Monday, April 11, 2011

More about Listening

How we organize what we hear and observe is influenced by our own subjectivity, our experiences, and our theories. Because no theory holds the ‘truth,’ we must hold our theories lightly, recognizing that each person’s reality is perspectival, and recognizing that the meaning of the material need not be fit into the procrustean bed of a theory. As I listen and muse on what is going on in the therapeutic dyad, I often think I am like a juggler, with many plates in the air at once. I must simultaneously consider whether or not I hear at this moment a familiar sigh or theme from the patient; whether or not the present narrative or relational paradigm harkens back to the patient’s childhood events; what, if any, are the transference counter-transference implications; what happened in this past moment or last session or over the months or years of analysis that contributed to this coming up or happening now; and so on; all the while being open to the unknown and to surprise in a free floating reverie with evenly hovering attention!

Listening is dialectical (you can never stand in the same river twice), which means patient and therapist influence each other and neither is ever the same again. Listening is intersubjective, containing within it both the listening and the being listened to. Listening allows space for creativity (Winnicott) and for the, as yet, unformulated and unspoken. It is a gift we give our patients, interested in every word and gesture. It is a gift our patients give us, along with the privilege of their trust. When we listen, we do not seek to confront or contradict the patient, though we may sparingly ask for clarification. Many people have never experienced such genuine attentiveness from another.

As communication is both explicit (with words and common gestures) and implicit (perhaps what Freud referred to as unconscious to unconscious communication) we must listen as well with our perceptions and unconscious perceptions. We attend to the texture of feeling and gestural communication and not just to words or content or to conscious understanding and insight. We become comfortable, not impatient, with silences when the patient may need to be with some caring other without the pressure to produce or perform. Each therapist will have a unique interest in this or that part of a story, evoking a resonance with something in the therapist’s personal history. Each therapist must find her/his own way of expressing, in a way contributory towards patient growth, what has meaningfully affected us.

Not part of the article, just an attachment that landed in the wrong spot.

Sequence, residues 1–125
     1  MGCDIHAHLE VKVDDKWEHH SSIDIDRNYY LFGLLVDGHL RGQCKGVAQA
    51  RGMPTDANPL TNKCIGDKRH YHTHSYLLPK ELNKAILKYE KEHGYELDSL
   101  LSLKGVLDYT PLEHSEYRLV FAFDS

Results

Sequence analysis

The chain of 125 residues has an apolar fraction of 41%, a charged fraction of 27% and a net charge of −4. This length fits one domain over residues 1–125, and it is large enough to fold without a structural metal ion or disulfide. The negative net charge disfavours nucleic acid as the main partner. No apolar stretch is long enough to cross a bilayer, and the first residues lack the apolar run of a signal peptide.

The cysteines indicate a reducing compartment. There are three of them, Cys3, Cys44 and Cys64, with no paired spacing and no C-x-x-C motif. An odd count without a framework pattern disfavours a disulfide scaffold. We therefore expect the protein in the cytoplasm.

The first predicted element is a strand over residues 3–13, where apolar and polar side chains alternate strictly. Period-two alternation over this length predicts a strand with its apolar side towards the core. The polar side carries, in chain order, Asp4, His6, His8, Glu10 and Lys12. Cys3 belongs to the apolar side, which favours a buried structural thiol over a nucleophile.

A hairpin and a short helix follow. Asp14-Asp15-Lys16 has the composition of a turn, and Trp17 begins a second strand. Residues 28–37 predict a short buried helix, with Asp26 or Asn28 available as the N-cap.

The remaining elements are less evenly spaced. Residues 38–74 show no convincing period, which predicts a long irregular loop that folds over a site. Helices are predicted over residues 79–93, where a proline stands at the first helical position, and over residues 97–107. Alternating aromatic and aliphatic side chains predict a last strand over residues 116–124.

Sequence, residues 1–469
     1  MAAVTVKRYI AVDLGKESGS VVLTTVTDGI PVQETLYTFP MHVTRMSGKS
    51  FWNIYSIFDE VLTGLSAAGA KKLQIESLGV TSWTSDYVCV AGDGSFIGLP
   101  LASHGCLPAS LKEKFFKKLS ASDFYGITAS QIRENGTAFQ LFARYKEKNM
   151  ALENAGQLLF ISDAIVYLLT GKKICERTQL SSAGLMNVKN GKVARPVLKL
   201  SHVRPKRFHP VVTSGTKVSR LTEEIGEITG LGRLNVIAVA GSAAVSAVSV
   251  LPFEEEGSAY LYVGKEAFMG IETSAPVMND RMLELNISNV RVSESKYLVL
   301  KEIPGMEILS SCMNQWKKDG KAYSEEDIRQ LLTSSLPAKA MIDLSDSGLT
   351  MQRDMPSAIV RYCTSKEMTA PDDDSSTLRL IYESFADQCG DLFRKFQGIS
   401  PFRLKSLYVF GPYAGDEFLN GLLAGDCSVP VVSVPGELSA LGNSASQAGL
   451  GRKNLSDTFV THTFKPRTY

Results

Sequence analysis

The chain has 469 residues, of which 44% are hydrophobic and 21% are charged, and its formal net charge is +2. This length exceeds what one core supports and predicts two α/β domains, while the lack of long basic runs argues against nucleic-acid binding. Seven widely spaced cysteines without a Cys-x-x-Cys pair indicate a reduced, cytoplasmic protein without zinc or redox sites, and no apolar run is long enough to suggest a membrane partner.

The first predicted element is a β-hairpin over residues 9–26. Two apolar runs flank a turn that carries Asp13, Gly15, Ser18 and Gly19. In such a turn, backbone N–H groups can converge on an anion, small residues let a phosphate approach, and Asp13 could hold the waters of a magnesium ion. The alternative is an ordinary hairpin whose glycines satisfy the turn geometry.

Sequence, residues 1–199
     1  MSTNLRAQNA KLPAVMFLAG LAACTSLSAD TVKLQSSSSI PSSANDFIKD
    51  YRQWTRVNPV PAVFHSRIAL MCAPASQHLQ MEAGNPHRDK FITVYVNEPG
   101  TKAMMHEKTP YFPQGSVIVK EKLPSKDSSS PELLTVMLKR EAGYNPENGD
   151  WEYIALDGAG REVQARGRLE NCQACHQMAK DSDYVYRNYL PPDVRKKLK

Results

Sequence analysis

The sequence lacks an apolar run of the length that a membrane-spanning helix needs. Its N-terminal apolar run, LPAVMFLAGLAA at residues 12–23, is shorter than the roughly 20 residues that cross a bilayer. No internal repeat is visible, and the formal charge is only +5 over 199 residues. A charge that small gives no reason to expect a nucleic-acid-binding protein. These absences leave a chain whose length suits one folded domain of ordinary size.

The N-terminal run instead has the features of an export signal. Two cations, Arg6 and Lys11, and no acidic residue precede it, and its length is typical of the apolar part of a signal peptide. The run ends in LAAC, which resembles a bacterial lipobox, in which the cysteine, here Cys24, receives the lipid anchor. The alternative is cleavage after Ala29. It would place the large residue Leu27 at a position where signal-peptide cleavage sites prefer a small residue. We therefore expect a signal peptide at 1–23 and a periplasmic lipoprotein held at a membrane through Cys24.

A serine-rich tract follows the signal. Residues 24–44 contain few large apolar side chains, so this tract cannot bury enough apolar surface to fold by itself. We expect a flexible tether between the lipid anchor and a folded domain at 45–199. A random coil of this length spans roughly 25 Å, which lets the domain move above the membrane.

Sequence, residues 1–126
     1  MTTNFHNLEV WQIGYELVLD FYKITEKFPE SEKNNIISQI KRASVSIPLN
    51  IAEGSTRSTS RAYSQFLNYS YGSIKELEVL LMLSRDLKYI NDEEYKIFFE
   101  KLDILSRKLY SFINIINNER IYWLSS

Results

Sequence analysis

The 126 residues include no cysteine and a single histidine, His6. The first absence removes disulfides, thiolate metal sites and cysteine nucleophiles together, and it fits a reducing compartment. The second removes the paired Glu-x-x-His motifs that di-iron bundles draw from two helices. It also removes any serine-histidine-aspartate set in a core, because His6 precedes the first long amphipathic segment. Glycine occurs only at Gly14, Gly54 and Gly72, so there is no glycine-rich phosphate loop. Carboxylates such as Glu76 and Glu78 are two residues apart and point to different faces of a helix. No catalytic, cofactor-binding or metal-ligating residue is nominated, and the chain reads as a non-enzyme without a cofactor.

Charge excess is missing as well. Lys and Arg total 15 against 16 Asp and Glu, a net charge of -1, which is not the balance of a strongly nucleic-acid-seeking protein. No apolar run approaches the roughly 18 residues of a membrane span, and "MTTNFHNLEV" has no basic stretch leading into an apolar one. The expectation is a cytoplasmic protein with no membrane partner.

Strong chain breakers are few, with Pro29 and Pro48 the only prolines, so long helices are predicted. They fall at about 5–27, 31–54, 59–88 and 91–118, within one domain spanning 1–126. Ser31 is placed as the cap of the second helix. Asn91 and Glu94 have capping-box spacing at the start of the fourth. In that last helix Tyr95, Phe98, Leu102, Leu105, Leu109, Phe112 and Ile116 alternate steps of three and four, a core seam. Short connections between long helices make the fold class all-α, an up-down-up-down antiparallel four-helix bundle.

2 comments:

Roia said...

And, indeed, this is what makes being a therapist most fascinating- that listening can take so many forms and level and that it is always unique to a particular therapeutic (or non-therapeutic) moment in time.

Tim said...

The theme here is very similar to Dorpat's Climical Interaction and the Analysis of Meaning. I think someone incidentally DID take the torch from Dorpat. I think he would have been very happy to read something like this from a fellow analyst. As far as I know he was peerless among his colleagues. I think you would make him proud. Dorpat passed away suddenly in 2006, but evidently his
spirit still carries on.